See how champion Aboriginal cricketer Floyd Doyle is using the fine art of leg-spin bowling to help disadvantaged youth in Nairobi.
"When we get together, it doesn't matter where you come from, what socio part of life you're from, what your ethnic background is. We all get together, we work as one, and it's all about teamwork."
You only need to look at professionals like Dan Christian and Jason Gillespie to realise that Aboriginal and Torres Strait Islander cricketers have made a serious mark on the game; their spectacular all-rounder skills making a big impression on Australian and international crowds. But it's in Kenya that cricket is inspiring a much smaller - but no less important - group of people, with support from Goreng Goreng and Meriam man, and self-confessed "cricketing tragic", Floyd Doyle.
A former New South Wales grade cricketer and a 20-year veteran of community work in the Northern Territory, Floyd recently supported the Obuya Cricket Academy in Nairobi to develop its sport for social inclusion program. He was a volunteer supported by Australian Red Cross through the Australian Volunteers for International Development (AVID) program, an Australian Government initiative. Run by brothers Kennedy, David, Charlie, Collins Obuya and their cousin Josephat Agunga, the community initiative works with youth from the Nairobi slums to teach them the finer points of cricket, promote sport involvement, run awareness campaigns and help raise funds for their school fees as a means of increasing access to education and reducing poverty. It was a visit to Kenya the previous year when he saw first-hand the disadvantages facing some communities, as well as some of the cultural similarities, that inspired Floyd to volunteer overseas.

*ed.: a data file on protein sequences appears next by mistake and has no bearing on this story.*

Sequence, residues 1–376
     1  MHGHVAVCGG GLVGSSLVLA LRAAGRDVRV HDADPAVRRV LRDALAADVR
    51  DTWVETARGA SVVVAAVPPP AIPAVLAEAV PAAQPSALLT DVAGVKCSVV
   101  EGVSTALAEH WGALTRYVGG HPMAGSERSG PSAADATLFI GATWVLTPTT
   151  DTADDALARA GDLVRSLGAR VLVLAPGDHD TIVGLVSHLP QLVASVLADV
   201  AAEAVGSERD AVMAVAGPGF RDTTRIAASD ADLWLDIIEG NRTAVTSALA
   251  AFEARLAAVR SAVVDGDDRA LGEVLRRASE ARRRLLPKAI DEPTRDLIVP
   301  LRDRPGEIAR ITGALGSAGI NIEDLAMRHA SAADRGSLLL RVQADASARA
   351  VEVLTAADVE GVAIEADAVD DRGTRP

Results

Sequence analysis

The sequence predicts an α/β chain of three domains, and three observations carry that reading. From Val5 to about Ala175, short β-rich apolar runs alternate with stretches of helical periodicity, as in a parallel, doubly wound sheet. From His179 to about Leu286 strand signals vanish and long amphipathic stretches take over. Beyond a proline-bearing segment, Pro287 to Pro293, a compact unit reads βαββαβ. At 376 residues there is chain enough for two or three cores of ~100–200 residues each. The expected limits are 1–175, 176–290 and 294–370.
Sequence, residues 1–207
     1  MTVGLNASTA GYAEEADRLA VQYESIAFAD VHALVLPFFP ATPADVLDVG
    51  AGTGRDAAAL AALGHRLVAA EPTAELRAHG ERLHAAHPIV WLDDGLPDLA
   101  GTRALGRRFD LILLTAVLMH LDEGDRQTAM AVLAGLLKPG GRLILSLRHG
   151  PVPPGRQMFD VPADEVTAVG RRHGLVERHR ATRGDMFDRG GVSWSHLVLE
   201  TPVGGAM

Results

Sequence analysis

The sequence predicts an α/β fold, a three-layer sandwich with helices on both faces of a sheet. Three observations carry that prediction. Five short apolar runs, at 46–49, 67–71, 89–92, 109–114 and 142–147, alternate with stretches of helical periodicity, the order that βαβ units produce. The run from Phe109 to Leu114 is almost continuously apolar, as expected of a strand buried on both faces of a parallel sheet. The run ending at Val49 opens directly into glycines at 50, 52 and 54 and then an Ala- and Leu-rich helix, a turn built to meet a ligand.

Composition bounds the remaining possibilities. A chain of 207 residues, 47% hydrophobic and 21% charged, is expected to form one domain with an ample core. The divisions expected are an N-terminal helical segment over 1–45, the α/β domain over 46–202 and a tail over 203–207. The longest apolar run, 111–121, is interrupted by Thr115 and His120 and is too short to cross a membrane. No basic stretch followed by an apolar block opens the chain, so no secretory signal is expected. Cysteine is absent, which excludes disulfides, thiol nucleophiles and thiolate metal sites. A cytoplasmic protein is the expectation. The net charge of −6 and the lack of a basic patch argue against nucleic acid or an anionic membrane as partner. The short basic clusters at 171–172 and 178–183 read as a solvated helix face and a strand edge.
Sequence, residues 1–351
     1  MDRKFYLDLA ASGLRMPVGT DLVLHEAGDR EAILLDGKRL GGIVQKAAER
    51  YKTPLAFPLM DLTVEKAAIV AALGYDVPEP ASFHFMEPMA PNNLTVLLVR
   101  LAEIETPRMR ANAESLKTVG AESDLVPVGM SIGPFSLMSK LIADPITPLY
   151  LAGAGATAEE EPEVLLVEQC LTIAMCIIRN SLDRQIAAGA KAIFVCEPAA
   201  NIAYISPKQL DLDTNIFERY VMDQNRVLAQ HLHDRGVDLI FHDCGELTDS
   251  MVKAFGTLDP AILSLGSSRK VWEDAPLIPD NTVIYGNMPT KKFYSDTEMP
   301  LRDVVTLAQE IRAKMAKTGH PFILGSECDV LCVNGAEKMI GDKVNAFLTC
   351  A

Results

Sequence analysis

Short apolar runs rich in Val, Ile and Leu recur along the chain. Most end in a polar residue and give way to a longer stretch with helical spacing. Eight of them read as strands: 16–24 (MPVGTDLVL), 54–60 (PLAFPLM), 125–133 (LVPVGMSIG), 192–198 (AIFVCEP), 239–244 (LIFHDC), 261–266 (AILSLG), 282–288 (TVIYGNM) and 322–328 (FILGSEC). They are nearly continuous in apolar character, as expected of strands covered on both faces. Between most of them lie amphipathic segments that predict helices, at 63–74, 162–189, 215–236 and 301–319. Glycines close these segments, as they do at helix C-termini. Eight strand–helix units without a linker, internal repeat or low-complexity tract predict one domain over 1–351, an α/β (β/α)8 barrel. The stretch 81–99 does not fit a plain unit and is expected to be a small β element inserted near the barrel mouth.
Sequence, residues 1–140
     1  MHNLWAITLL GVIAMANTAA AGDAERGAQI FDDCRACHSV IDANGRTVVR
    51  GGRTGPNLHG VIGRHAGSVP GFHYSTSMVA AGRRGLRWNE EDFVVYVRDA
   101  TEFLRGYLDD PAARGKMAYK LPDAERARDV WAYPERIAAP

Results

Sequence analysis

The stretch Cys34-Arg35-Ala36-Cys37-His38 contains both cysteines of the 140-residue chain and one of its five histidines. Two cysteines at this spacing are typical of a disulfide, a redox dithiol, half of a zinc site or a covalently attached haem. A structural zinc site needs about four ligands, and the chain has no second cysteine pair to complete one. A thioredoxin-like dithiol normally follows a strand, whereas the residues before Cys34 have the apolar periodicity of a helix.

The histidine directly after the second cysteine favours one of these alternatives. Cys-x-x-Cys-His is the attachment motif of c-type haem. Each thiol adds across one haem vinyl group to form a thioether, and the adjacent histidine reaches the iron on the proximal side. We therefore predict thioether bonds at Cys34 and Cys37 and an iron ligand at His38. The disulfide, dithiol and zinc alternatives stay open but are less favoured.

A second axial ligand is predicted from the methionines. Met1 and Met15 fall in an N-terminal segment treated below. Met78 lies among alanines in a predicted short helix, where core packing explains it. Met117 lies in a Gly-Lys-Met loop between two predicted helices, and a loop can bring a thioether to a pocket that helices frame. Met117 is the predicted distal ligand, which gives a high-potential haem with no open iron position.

Skills and inclusion
"A lot of Kenyan traditional and tribal stuff is very similar to our tribal stuff. Everything is very, very similar," he says. "Some didn't know we have tribes over here [in Australia], and once you talk about stuff like that, it just breaks down barriers. It opens up the door straight away between each other."
Floyd was preparing to return home when he noticed the Red Cross advertisement with the cricket academy. He successfully applied for the role and attended a few days of pre-departure training in Melbourne before heading back to Nairobi to start his assignment. Floyd soon found that the parallels and shared experiences between First Australian and Kenyan cultures was an immediate and effective way to break the ice upon his arrival. On top of that, coaching the kids not only imparted some deadly cricketing skills, but also quickly fostered a strong sense of inclusion among the Kenyan community. Interest in the academy has grown to such an extent that an inter-schools competition and regional coaching clinics are already underway and with great success - almost 30 different schools have signed up to the program so far.
"The best part of my day is working with the young ones - all the kids," Floyd recalls. "And we work together as a team. When we get together, it doesn't matter where you come from, what socio part of life you're from, what your ethnic background is. We all get together, we work as one, and it's all about teamwork. "